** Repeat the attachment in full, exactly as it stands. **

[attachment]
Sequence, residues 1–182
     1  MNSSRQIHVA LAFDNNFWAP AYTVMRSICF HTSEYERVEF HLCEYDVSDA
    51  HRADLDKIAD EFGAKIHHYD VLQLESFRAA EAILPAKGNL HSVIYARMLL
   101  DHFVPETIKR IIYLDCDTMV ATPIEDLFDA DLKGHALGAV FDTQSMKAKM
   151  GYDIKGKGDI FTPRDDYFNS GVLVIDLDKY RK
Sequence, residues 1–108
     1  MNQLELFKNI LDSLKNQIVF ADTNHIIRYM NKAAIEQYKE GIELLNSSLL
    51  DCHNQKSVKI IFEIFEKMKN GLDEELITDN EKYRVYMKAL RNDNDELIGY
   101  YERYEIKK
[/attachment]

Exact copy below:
Sequence, residues 1–182
     1  MNSSRQIHVA LAFDNNFWAP AYTVMRSICF HTSEYERVEF HLCEYDVSDA
    51  HRADLDKIAD EFGAKIHHYD VLQLESFRAA EAILPAKGNL HSVIYARMLL
   101  DHFVPETIKR IIYLDCDTMV ATPIEDLFDA DLKGHALGAV FDTQSMKAKM
   151  GYDIKGKGDI FTPRDDYFNS GVLVIDLDKY RK
Sequence, residues 1–108
     1  MNQLELFKNI LDSLKNQIVF ADTNHIIRYM NKAAIEQYKE GIELLNSSLL
    51  DCHNQKSVKI IFEIFEKMKN GLDEELITDN EKYRVYMKAL RNDNDELIGY
   101  YERYEIKK